1) What is the Longshore and Harbor Workers Compensation Act (LHWCA)?
The Longshore and Harbor Workers Compensation Act (LHWCA) is a federal workers’ compensation statute that covers injured workers engaged in “maritime employment.” Longshore claims are handled by administrative process through the U.S. Department of Labor as opposed to the Louisiana State Department of Labor, which handles state compensation claims. Injured workers who qualify for Longshore benefits also will receive these benefits regardless of employer fault. LHWCA covers employees in occupations having a traditional relationship to maritime employment. Coverage is dependent upon the location where the employee was working, and dependent upon whether or not the type of work performed had a traditional relationship to maritime employment.

2) Which applies Louisiana Worker’s Compensation or LSHWA?
Coverage is clear with regard to workers engaged in such longshore operations as loading and unloading a vessel, but the question becomes more more difficult when these activities are coupled with shore-side activities that may be some distance from the pier. Finally, the category of Jones Act Seamen, for members of a crew of a vessel, can further complicate which law applies to whom. In addition to the persons who actually load and unload cargo, support persons are also necessary and they are traditionally covered as a part of the loading and unloading business. For example, "checkers" are used both on vessels and on the docks to keep track of the cargo being loaded and unloaded. However, it is not necessary that the employment activities take place on or near a pier at the water's edge. Persons who work in shipyards building, repairing or tearing down vessels are also covered under the LHWCA as well as persons involved in building docks or other structures over the water. Truck drivers, forklift operators, crane operators, and others, may sometimes also be covered under the LHWCA.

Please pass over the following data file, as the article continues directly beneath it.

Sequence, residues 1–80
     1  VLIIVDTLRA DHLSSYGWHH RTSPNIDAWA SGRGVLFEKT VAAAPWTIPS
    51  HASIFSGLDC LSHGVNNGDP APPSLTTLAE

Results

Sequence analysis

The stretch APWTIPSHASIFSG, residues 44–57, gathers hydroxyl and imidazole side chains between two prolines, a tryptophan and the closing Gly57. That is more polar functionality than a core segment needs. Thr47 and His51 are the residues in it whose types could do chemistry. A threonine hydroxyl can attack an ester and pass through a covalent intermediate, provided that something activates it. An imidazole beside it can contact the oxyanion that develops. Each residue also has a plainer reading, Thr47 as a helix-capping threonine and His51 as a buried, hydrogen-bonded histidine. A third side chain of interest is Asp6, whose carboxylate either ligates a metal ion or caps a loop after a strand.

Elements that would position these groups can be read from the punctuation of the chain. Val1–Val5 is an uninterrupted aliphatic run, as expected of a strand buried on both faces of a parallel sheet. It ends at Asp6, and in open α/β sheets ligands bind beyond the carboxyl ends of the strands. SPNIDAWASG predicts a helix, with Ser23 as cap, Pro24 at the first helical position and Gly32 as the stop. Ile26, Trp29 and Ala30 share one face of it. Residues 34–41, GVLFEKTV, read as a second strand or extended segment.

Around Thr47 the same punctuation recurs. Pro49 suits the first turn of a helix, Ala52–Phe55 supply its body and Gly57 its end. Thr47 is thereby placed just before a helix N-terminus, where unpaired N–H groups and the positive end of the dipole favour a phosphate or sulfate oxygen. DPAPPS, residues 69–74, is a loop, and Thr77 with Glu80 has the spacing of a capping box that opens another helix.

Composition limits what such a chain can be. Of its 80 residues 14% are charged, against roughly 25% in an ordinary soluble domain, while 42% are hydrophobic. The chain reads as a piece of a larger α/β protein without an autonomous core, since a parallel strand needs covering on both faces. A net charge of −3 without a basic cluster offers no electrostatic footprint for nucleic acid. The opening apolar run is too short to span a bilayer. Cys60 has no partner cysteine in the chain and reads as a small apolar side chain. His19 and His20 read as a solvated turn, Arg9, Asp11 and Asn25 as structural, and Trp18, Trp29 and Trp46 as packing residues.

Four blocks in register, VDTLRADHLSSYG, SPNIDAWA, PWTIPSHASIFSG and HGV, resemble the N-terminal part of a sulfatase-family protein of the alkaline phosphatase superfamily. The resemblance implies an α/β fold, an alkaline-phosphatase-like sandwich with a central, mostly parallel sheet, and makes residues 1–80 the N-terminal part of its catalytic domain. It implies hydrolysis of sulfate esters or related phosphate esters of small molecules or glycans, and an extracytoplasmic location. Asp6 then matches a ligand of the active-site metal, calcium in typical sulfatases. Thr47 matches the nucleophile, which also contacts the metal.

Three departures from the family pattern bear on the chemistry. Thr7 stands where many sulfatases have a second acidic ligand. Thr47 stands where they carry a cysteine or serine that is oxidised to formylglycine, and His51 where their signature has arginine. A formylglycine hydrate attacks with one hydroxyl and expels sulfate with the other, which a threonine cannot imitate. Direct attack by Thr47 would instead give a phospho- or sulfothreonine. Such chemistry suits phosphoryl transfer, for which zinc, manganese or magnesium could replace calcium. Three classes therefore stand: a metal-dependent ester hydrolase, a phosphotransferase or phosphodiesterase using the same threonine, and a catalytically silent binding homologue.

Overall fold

Finally, employees on fixed oil production platforms on the continental shelf of the Gulf of Mexico and on fixed platforms elsewhere are also covered by the Act.

3) Am I eligible for Longshore benefits?

You should be eligible for Longshore benefits:
  • If you load, unload, repair, build or disassemble vessels. 
  • If your job assignment requires you to work in or on navigable waters. 
  • If you work on the waterfront engaged in activities to support a shipping operation. 

4) What is the difference between Longshore and Louisiana Workers’ Compensation?
Workers engaged in maritime employment come under the federal LSHWA, whereas most other employees are covered by state Workers’ Compensation.

5) What type of Longshore benefits can I receive?

LSHWA benefits are either fixed according to a schedule or are unscheduled. Unscheduled benefits are usually preferable. Scheduled Benefits include:

1. Temporary Disability payments for a “scheduled” number of weeks
2. Lifetime medical treatment to cure and relieve the effects of the injury
3. Permanent Disability payments
4. Mileage reimbursement
5. Job Retraining / Rehabilitation Services
6. Death Benefits

Unscheduled benefits can be disability payments for life.

6) If I am injured on the job, what is the first thing I should do?
Report your accident or injury to your employer as soon as possible and get a copy of the accident report for your records.

7) How much will it cost me to hire a lawyer?

Nothing. Attorney fees may be paid by the employer if awarded and are based on the hours worked subject to review by both the employer and awarded by either the Claims Examiner or ALJ. No fees are due from the injured worker unless there is a recovery and these are also based on the hours worked subject to review by both the employer and awarded by either the Claims Examiner or ALJ.

8) Why should I hire a Longshore lawyer to handle my Longshore claim?

If there is a 3rd party responsible for the accident, EXTREME care must be taken to avoid losing all your rights to all LSHWA benefits (as even more draconian rules apply here than under Louisiana Worker’s Compensation). An experienced attorney is more likely avoid pitfalls such as these even as he gets you all of the benefits you deserve. An experienced attorney will make sure that your interests are aggressively represented thru out the administrative process, that your losses are fully compensated and will negotiate settlement of your claim should you decide to settle for a lump sum payment. 

Bernard V Davis Law Offices 3009 Lime Street, Suite A, New Orleans, LA 70006 (504) 888-1817
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